Trip Start Oct 29, 2003
117Trip End Ongoing
Map your own trip!
Show trip route
Don't get me wrong, the four-day hike along the trail is without doubt one of the highlights of my entire trip. There were nine of us on the hike, plus two guides and twelve porters to carry our food and tents. Together with Aussie Tim and Pat the Yankee drug seller - he's a pharmacist from Kentucky - we were joined by four Irish and another two Yanks (quickly dubbed the "That's Awesome!" Twins after their favourite adjective)
The first day was pretty easy, after driving out through the Sacred Valley to the start of the trail where of course we were met by an army of women selling walking sticks, coca leaves, toilet paper and everything else needed for the hike. After showing passports and tickets at the control point we crossed the Urubamba River on one of those rickety Indiana Jones bridges before making our way to the first night's camp 10 miles along a fairly gentle trail.
Pat the Yank had been having a tough time with the dreaded squirts over the previous week despite popping more pills than Elvis with a hangover. He decided to start the trip hoping that things would clear up but after the first night squatting over a hole it was clear that he couldn't continue. One of the guides took him back to the start and then by train to the hospital where he discovered he had amoebic dysentry. Bad news for him, but more food for us!
Day Two was billed as the toughest of the lot as we had to climb up to Warmiwa˝uska (Dead Woman's Pass) at a height 13,750 feet. After my experience in the Colca Canyon I was not looking forward to this, but it turned out not being that bad. The altitude was the hardest thing to deal with, but with a gobfull of coca leaves - and some black stuff that supposedly increased the effects - my mouth soon went numb and I was on my way. It took me about five and a half hours to reach the top, just below the snow line and with a brisk wind soon freezing the sweat on my back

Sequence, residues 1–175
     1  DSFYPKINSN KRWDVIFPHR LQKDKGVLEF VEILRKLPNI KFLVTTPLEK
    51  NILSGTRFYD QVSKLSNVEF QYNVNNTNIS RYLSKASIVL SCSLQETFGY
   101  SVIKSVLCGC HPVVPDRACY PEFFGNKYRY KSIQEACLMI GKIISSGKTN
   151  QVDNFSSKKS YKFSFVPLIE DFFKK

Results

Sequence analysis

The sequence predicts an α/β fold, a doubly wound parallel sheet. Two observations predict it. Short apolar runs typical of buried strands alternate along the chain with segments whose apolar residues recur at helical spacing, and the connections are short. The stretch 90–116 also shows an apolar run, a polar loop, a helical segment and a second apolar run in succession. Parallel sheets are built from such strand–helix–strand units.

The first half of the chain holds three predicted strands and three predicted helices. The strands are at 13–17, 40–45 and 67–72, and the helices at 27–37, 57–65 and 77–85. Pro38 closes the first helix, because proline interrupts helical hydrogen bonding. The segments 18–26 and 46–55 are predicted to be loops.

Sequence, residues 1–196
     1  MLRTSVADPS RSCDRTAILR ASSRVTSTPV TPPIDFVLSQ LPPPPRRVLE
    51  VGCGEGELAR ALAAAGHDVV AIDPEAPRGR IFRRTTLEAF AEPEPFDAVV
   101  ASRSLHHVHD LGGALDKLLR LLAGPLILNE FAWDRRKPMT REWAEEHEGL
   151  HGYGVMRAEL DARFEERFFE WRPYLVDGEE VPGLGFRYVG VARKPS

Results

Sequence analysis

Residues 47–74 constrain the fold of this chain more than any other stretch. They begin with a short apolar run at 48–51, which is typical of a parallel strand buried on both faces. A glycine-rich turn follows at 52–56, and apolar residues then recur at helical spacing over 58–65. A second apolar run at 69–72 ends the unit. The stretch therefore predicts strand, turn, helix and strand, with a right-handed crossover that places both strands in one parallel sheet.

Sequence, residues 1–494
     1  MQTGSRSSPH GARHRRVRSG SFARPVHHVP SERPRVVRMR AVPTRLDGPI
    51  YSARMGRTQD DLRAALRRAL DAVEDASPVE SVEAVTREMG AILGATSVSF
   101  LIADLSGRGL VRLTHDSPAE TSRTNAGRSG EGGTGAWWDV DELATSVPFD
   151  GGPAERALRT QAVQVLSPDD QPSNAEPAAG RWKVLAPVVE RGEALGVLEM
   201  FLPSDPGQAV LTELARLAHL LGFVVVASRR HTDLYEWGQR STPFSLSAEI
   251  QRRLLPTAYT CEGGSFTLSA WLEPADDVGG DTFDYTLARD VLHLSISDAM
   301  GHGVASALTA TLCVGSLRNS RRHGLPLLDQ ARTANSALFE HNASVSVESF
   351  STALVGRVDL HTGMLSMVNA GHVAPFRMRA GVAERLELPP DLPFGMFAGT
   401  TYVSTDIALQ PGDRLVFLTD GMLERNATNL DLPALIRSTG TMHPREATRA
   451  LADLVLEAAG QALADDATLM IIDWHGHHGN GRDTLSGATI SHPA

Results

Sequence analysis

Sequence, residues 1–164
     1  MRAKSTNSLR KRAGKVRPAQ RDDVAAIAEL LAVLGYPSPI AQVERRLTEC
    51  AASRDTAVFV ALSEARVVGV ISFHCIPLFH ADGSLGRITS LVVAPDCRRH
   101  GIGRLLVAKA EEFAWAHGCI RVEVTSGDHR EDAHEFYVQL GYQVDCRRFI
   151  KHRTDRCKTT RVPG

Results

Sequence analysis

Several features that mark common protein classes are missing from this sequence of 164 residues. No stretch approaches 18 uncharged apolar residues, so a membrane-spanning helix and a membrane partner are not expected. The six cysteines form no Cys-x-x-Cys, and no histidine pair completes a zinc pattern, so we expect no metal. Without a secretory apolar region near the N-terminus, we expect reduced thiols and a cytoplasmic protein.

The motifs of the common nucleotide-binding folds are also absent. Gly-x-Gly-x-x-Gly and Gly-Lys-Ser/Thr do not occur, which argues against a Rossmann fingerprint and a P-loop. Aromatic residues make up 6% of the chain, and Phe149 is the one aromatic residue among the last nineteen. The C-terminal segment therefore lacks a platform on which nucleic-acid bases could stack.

After an hour's rest at the top waiting for the rest of Team Gringo - except the "That's Awesome!" Twins as they were too far behind - we then descended steep uneven steps for another ninety minutes until we reached camp. Our porters had already arrived, put up our tents and had lunch ready in the mess tent, complete with table-cloth and chairs. This is the thing about porters: they are paid next to nothing to carry about forty pounds of equipment tied to their backs before waiting on the rich gringos hand and foot. It really was uncomfortable at first. I'm used to putting up my own tent and taking care of my own food when camping, but here everything was done for me by men who had no concept of wearing socks, let alone of what sort of world I come from. It's true that conditions for porters have improved over recent years, but it's still an incredibly hard way to make a living. They were incredibly eager to please, but they kept their distance as they didn't even know Spanish, let alone English (they speak the ancient Incan language of Quecha).
Day Three was supposed to be the most beautiful, walking high above the river valleys amongst cloud forest (like rain forest except that the trees get their moisture from the clouds instead of rain) but unfortunately all we saw was cloud - for about ten miles.
After descending through ancient agricultural terraces we saw some people kicking a football about. Two Irish lads asked if we wanted to play a game against a team of porters, and despite being absolutely knackered we agreed. For the next hour I was Irish, playing against skillfull barefoot Peruvians trying to not lose the ball over the edge of the terrace (I have to admit we did 'lose' the ball a couple of times to get our breath back, but one of the porters would just jump down through 20-or-so feet of vegetation before scrambling back up with the ball, smiling and covered in cuts and dirt). We went 4-3 up but ended up losing 6-4. If I thought I was exhausted before, I was now so tired that I couldn't get out of the way of the ball when it smacked into my face breaking my glasses.
The fourth and final day we had to get up at 4am for our last great breakfast (in fact all the food was excellent, much better than I anticipated) and mug of coca tea. We made it to Intipunku (or the Sun Gate) and crowded with all the other tour groups in time to see the sun rise but again it was too misty, so we continued our trek down to Machu Picchu itself.
That report will be along soon, as I'm now off to learn the entire Beatles catalogue on my panpipes which every shop seems to play. Oh, before I forget: anybody wanna buy a postcard?